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            Volume 10 |Issue 37 | September 30, 2011 |


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Zeno's Achilles and the Tortoise

Syed Fattahul Alim



Is motion possible? The question may sound nonsensical. That is because, we accept without any further questioning the possibility of motion. Motion is too obvious a condition of the real world to start any unnecessary philosophising about it, many would contend. Is not the commonsense enough to comprehend motion?

But don't hurry to reach such a conclusion. Do you know what the great twentieth century physicist Albert Einstein said about commonsense? To him it (common sense) was nothing but the collection of prejudices acquired by age eighteen. If we have any regard for Einstein and his theories of motion that revolutionised modern science, then this argument against commonsense, too, needs to be taken seriously. In that case, the demands of the commonsense to take the possibility of motion for granted loses much of its ground. But Einstein was not against motion as such, though he was certainly not for understanding motion from any commonsensical standpoint.

The Greek philosopher Zeno.

It was long time ago that Zeno, a pre-Socratic philosopher of Elea in ancient (490 BC-430 BC) Greece, who challenged the concept of motion through his famous paradoxes. He belonged to the Eleatic school of philosophy founded by the philosopher-poet Parmenides (early 5th century BCE)..

One of his paradoxes titled 'Achilles and the tortoise,' as stated by Aristotle, argues that however fast the fastest runner Achilles may run, he will never be able to catch the slow moving tortoise.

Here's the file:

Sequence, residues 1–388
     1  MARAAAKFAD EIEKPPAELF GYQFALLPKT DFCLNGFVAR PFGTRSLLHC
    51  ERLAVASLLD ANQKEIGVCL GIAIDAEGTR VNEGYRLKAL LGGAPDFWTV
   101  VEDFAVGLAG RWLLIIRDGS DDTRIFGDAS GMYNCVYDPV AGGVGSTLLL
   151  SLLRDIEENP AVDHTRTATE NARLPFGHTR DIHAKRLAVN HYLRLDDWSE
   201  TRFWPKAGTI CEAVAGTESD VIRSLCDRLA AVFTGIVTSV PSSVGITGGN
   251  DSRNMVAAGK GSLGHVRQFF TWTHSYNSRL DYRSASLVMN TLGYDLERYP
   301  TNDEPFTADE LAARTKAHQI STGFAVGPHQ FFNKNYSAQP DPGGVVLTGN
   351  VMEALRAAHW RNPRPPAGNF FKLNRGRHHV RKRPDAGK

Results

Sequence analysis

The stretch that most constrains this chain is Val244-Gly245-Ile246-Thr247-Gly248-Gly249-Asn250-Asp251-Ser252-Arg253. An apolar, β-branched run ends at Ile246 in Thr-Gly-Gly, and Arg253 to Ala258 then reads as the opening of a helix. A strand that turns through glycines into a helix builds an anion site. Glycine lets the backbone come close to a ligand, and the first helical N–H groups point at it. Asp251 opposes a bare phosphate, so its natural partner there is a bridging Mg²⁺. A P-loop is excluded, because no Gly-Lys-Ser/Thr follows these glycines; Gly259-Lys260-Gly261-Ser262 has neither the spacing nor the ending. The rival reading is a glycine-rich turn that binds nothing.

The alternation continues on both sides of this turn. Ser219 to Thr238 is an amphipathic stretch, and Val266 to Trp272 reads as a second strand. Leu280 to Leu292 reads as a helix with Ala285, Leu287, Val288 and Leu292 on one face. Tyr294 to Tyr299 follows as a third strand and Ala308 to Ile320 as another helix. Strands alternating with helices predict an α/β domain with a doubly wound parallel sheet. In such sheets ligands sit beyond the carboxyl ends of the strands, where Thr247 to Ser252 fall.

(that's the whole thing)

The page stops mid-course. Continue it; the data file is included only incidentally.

“In a race, the quickest runner can never overtake the slowest, since the pursuer must first reach the point whence the pursued started, so that the slower must always hold a lead”

This is not exactly like the tortoise of the Aesop's fables fame, which beat the too confident hare, since he (the hare) just slept away his chances of winning the race. But the Achilles of this paradox cannot outdo the tortoise because the dialectical argument of Zeno denies him (Achilles) the possibility of beating the tortoise. In the ultimate analysis, it is really not Achilles, but motion itself, that is suspect, and in fine defeated by the force of reasoning.

Let us see how the argument goes. Since the tortoise is too slow, Achilles offers it a privilege of head start of say 20 feet. Supposing that both of them runs at a constant speed (though Achilles is fast and the tortoise is slow), after the elapse of some measurable time Achilles would reach the point 20 feet away, where the tortoise started from. Take it as the point 0. But meanwhile the tortoise must have traversed some distance, say, five feet! Call it point 1. So, Achilles will have to cover the five feet path, before he may catch the tortoise at point 1. But again, the tortoise must have moved further (a length shorter than five feet, though), to reach, say, point 2. Surely, Achilles will need to cross that length ending at point 2, too, before reaching the tortoise. But as soon as he reaches point 2, the tortoise has inched away to point 3. In this manner, every next point such as point 4, 5, 6, and so on that the tortoise crosses, Achilles will have to reach there before he may catch the tortoise. Following this line of reasoning, the fast runner Achilles will, of course, come closer and closer to the tortoise in a gradual fashion. But will the race ever come to an end? It will never end in measurable time. And if Achilles can never reach the tortoise, what is the meaning of being fast? And if the fast mover cannot ever overtake the slow mover in measurable time, then what is the use or meaning of motion? Is it not then a mere illusion, so argues Zeno? That in other words means that motion is not possible.

This is how Zeno dismissed the possibility of motion through his first paradox of Achilles and the tortoise.



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